Job Market Paper
This paper studies the implications of short-term costs imposed by pricing structures on college major choice and the role of financial constraints. I examine the effect of major-specific pricing policies on major choice and on the distribution of low-income students across majors. Using rich student level administrative data from the University of Wisconsin-Madison, I implement a difference-in-difference strategy that exploits the introduction of a surcharge policy in the Engineering and Business programs. I find that raising the program specific tuition by $1000 (11%) decreases the probability of graduating in Business by 33% and in Engineering by 12% and this is driven by the response of low-income students. I then exploit this price variation to identify the labor market returns to these majors. Using these estimates, I find that students are highly responsive to prices despite large earnings losses from switching majors. Motivated by the empirical evidence, I develop and estimate a structural model of college major choice that quantifies the importance of direct price effects and credit constraints. The model estimates suggest that credit constraints rationalize the sensitivity of students to changes in pricing structures. Complementing price differentials with expansions of borrowing limits and means-tested subsidies can minimize the distortion created by pricing. Relaxing borrowing limits allows students to borrow against future income to pay higher tuition and means-tested grants decrease the net price of the major for low-income students.
In this paper, we estimate a rich model of college major choice using a panel of experimentally derived data. Our estimation strategy combines two types of data: data on self-reported beliefs about future earnings from potential human capital decisions, and survey-based measures of risk and time preferences. We show how to use this data to identify a general life-cycle model, allowing for rich patterns of heterogeneous beliefs and preferences. Our data allow us to separate perceptions about the degree of risk or perceptions about the current versus future payoffs for a choice from the individual's preference for risk and patience. Comparing our estimates of the general model to estimates of models which ignore heterogeneity in risk and time preferences, we find that these restricted models are likely to overstate the importance of earnings to major choice. Additionally, we show that while men are less risk averse and patient than women, gender differences in non-pecuniary tastes, rather than gender differences in risk aversion and patience over earnings, are the primary driver of gender gaps in major choice.
This article reviews the recent literature on the determinants of college major choices. We first highlight long-term trends and persistent differences in college major choices by gender, race, and family background. We then review the existing research in six key areas: expected earnings and ability sorting, learning, subjective expectations, non-pecuniary considerations, peer and family effects, and supply side factors. We examine and compare the various approaches employed by previous research and highlight key areas for future research.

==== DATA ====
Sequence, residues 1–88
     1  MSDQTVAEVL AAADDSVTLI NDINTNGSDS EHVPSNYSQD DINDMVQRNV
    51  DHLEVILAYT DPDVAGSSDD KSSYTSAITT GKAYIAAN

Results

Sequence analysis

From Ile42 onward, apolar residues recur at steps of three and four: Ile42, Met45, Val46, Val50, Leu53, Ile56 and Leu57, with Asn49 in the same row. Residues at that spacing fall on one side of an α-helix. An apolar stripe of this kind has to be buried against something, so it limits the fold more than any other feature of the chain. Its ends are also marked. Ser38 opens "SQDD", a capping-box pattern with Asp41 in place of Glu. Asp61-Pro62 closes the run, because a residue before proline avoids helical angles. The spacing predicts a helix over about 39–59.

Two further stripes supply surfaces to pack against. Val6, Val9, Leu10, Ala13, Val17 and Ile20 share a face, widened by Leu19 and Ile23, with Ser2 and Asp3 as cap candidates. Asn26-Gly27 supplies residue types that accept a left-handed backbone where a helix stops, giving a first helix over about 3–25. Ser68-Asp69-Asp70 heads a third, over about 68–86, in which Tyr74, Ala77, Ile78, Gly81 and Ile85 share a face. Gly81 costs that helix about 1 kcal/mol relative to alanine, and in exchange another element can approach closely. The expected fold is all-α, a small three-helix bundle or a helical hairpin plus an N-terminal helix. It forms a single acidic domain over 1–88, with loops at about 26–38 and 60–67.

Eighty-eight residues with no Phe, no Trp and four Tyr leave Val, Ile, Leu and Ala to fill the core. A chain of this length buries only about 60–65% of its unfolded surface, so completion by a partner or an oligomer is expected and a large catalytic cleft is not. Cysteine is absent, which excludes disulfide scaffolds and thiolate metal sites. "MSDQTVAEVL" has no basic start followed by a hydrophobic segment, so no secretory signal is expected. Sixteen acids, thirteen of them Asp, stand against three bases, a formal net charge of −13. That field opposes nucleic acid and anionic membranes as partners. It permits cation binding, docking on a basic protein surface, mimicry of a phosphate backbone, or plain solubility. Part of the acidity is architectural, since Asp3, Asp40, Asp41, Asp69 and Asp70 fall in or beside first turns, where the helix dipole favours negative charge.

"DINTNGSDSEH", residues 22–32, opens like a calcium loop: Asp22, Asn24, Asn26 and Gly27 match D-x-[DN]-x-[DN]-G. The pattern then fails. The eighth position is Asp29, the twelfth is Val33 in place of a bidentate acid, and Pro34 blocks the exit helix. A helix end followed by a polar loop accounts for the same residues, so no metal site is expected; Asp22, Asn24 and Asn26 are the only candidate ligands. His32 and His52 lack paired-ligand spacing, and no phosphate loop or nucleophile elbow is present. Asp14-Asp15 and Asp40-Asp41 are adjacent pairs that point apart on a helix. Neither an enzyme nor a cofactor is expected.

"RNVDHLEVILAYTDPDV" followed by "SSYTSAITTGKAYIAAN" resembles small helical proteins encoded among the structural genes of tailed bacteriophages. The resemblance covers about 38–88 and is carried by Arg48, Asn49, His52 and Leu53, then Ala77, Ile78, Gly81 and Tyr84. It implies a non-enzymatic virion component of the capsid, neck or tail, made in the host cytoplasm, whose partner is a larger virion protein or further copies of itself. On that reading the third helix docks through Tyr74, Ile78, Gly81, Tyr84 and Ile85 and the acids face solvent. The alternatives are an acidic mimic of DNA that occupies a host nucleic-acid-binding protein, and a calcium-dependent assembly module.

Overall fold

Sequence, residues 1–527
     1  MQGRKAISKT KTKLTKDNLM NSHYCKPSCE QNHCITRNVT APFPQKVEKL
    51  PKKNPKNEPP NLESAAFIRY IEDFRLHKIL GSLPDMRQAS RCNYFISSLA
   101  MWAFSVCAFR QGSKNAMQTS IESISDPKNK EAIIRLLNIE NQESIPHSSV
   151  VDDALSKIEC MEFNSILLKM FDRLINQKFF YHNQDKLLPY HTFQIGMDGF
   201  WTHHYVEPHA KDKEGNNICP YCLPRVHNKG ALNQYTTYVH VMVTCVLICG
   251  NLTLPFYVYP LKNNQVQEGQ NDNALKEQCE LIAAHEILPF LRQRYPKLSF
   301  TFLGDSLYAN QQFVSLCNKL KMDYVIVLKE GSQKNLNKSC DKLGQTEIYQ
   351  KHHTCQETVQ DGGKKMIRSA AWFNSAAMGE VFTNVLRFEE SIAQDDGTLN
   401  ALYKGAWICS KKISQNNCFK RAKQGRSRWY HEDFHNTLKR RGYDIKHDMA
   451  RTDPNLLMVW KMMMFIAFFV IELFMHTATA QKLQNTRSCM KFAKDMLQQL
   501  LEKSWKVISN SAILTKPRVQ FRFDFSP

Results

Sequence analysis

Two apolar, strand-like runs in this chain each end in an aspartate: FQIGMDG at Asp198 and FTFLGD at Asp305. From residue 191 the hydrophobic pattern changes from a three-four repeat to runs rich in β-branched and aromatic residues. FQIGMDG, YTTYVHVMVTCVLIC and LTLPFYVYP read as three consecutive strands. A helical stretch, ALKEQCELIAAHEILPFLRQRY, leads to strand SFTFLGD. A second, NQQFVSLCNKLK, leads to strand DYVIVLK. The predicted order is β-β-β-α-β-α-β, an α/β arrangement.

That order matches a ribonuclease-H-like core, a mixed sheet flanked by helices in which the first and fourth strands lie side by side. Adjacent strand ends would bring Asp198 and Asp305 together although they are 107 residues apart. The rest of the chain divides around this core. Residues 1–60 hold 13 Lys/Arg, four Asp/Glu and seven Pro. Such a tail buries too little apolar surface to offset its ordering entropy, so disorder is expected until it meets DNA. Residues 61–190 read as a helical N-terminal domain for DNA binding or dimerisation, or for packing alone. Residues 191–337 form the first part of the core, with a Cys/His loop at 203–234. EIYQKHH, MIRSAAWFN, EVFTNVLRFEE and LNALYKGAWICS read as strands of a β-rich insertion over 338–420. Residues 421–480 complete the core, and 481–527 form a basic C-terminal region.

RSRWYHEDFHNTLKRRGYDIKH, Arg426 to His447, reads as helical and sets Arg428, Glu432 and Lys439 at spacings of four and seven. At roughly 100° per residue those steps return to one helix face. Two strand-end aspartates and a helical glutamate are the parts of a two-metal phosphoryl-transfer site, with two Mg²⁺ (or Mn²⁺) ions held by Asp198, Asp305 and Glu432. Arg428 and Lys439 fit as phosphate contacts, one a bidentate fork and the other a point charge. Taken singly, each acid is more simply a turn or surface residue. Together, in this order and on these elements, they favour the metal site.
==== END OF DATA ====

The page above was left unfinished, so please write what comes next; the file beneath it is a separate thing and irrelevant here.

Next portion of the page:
This paper characterizes remote work or work-from-home (WFH) jobs and quantifies the welfare gain from these work arrangements. Using data from the ATUS and CPS, I develop a measure of locational flexibility at work. Motivated by the patterns of sorting in the data, I then develop and estimate a generalized model of sectoral choice with amenities. The structural estimates point to differences by gender in the returns to education and experience, compositional differences as well as preferences. I also find that the gender wage gap persists in remote work at 3.9 dollars (without controlling for selection), most of which is determined by differences in the returns to observable characteristics. With the help of this framework, I estimate the willingness-to-pay (WTP) for these jobs. I find that women have higher valuation (WTP) of these jobs than men. On average, women are willing to pay 3.8 percent of the average hourly wage for locationally flexible jobs whereas men have a low willingness to pay (0.6 percent of hourly wage) for these jobs. Further, college graduates (both men and women) value remote work more than workers without college education. College educated women in particular value remote work the most at 4.3 percent of the hourly wage. The estimates also suggest that there may be specialisation within the household. Mothers who have more children have a higher valuation for remote work whereas fathers have a lower valuation.
Can Second Chances for Inmates Work? Evidence from the Second Chance Pell Pilot Program [Draft Available upon request], with Andra Ghent
We evaluate the effects of the Second Chance Pell pilot program on the outcomes of Wisconsin inmates. The US Department of Education announced the Second Chance Pell pilot program on July 7, 2015. The program, now in its fourth year of operation, permits inmates to pursue post secondary education from behind bars. To control for non-random selection into post secondary education by inmates, we use difference-in-difference approaches to assess how the program affects the rate of recidivism for recently released inmates. We find that recently released inmates housed in facilities eligible for the program had 18-month recidivism rates approximately four percentage points ( ~ 12 %) lower than comparable inmates housed in institutions without access to the program.
Work in Progress
"The Effect of Immigration Policy on College Major Choice" with Hans Schwarz, and Sandra Spirovska